Lewke recollected the severe difficulties caused by the assassination of media personalities. Obviously, the JVP felt that the government could be seriously undermined by crippling the SLBC and the two state-run television stations.
The attempt to sabotage the Torrington complex should be examined in the backdrop of the JVP targeting the Lake House distribution network in the provinces. The JVP ordered people not to buy Lake House publications or face the consequences. The government ordered the military and the police to distribute the Dinamina, Daily News and the Observer, free of charge.
Having won the parliamentary polls in early April 1989, President Premadasa caused a devastating setback to counter-insurgency operations by releasing hundreds of insurgents. Although the President’s political colleagues and the military top brass realized the stupidity of the President’s move, none dared dispute him. With the release of suspects, the JVP stepped up its campaign with an all out assault on the government media. Lewke stressed the importance of the work undertaken by the military and the police to ensure that the Torrington complex remained operational. Lewke said: The "collapse of operations there could have had a devastating impact on the overall government counter insurgency strategy. There could have been chaos if the state media failed at that time."
However, government forces could concentrate fully on the JVP threat due to the LTTE returning to the negotiating table (May 1989-June 1990). Although the military brought the JVP to its knees in November/December 1989, it remained involved in the Torrington square media operation.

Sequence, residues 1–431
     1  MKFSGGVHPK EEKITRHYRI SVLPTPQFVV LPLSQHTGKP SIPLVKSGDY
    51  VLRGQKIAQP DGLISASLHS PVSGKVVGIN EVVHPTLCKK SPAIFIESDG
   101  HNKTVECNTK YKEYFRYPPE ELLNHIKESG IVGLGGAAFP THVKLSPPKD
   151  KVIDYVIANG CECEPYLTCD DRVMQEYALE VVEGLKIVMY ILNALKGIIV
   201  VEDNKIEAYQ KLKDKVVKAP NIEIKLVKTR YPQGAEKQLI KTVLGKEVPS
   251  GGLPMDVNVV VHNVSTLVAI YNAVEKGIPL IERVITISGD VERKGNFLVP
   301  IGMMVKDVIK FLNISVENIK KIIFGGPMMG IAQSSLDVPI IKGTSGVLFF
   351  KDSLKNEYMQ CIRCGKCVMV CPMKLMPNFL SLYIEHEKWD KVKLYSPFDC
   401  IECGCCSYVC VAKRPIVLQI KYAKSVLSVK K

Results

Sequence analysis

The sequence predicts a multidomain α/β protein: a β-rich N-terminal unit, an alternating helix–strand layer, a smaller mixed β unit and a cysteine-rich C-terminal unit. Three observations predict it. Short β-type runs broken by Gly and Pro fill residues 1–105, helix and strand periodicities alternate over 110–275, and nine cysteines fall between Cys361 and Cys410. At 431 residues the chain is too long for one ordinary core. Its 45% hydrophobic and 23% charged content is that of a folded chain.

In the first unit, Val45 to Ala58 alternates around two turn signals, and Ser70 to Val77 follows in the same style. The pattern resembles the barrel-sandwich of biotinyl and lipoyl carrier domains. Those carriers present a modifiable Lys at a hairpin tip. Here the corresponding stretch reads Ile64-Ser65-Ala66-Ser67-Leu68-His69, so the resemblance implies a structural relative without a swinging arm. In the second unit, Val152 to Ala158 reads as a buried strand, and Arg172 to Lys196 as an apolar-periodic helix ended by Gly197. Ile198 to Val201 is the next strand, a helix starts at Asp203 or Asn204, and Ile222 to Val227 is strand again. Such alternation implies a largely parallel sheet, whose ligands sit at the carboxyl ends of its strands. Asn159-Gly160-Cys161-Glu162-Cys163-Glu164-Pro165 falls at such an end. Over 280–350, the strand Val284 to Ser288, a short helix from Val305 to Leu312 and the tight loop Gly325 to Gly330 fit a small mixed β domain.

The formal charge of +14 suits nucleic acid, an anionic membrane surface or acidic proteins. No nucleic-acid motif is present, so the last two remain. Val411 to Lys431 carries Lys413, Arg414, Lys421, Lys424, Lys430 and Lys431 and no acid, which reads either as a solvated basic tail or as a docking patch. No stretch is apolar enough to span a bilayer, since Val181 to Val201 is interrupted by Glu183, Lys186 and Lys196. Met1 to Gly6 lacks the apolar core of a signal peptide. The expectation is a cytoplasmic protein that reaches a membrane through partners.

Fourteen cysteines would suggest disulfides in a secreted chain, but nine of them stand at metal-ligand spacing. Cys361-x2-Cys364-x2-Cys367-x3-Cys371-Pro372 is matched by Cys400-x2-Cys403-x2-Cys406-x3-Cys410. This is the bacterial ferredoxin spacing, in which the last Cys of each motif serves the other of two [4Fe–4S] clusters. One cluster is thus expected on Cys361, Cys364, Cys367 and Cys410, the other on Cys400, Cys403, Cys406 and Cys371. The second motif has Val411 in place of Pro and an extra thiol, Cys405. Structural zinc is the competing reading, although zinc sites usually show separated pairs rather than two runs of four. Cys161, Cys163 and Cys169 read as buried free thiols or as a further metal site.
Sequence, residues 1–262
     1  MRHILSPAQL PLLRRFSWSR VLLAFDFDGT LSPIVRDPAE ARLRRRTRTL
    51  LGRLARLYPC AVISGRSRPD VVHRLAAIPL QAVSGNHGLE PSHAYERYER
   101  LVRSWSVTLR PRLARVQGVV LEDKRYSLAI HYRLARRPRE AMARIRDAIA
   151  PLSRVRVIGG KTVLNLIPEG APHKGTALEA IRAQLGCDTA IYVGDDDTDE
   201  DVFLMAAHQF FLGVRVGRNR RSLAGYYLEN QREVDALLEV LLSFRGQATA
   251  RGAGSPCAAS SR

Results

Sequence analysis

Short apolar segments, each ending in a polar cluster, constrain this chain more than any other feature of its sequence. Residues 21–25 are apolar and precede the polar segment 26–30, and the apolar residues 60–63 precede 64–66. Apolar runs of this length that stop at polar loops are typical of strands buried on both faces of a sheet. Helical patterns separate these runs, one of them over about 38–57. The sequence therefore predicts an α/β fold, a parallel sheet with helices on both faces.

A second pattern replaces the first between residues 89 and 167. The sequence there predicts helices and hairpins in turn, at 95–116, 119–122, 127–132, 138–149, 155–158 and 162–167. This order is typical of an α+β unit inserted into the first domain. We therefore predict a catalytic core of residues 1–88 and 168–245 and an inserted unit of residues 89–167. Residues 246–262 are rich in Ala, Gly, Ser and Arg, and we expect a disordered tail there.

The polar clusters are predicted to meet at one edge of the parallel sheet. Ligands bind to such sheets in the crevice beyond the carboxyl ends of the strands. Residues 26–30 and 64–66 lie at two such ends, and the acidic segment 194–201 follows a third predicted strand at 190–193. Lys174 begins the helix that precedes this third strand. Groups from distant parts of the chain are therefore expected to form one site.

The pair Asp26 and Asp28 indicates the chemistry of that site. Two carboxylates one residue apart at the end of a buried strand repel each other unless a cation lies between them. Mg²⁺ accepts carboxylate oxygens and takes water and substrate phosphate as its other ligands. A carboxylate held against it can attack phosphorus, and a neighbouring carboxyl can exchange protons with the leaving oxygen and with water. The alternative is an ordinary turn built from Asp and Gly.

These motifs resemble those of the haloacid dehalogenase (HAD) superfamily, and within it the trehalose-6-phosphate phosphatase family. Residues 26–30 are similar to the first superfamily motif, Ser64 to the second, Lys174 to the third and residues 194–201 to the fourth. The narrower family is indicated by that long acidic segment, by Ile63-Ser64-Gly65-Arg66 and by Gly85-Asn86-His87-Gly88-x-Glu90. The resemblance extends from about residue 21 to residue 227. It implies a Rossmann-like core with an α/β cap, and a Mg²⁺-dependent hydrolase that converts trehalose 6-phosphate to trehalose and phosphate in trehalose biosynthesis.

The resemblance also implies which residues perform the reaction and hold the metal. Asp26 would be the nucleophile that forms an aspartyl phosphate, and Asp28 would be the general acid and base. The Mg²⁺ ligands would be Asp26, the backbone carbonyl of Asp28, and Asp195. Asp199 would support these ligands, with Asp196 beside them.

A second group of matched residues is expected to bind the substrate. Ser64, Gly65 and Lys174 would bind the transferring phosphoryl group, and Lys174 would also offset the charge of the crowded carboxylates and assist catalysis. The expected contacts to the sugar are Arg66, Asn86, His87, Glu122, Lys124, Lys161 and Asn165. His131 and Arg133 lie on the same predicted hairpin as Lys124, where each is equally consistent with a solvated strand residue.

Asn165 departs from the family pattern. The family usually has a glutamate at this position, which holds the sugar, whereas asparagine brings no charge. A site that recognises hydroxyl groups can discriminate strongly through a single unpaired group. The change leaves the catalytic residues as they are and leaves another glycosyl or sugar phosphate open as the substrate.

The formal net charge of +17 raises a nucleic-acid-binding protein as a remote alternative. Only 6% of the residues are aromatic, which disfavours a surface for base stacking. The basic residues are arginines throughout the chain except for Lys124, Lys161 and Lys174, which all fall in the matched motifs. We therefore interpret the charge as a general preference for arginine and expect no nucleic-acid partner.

It would be pertinent to mention that the STF was also responsible for the safety and security of the LTTE delegation during its stay in Colombo. The STF remained in charge of visiting LTTE delegates’ security from May 1989 until June 1990 a small contingent was escorted to the Ratmalana air base, for transfer to Palaly.
The then Leading Aircraftsman (LAC) P.W. Dissanayake, a member of the four-man SLAF crew led by the then Flying Officer Andrew Wijesuriya which accompanied Minister Hameed into enemy-held territory recalled joining the then State Minister for Defence, Ranjan Wijeratne on a special mission in late March 1990. Dissanayake (retired in Dec 2008 with the rank of Warrant Officer) said: "Close on the heels of the last Indian army contingent leaving Sri Lanka on March 24, 1990, State Minister for Defence Ranjan Wijeratne visited major security forces bases in the northern and eastern districts. The minister explained the situation to the officers and men and their new responsibilities in the wake of the Indian pullout. Having visited the camps, the minister returned to Colombo, to brief President Premadasa at Sucharitha."
Dissanayake stressed that Minister Wijeratne never indicated the possibility of resumption of hostilities or any problem with the LTTE. Instead, he underscored the importance of the ongoing ceasefire agreement with the LTTE, though some feared Prabhakaran quitting the negotiating table. The STF was also deeply involved in President Premadasa’s security. Both President Premadasa and his predecessor, JRJ largely depended on the elite force for important projects.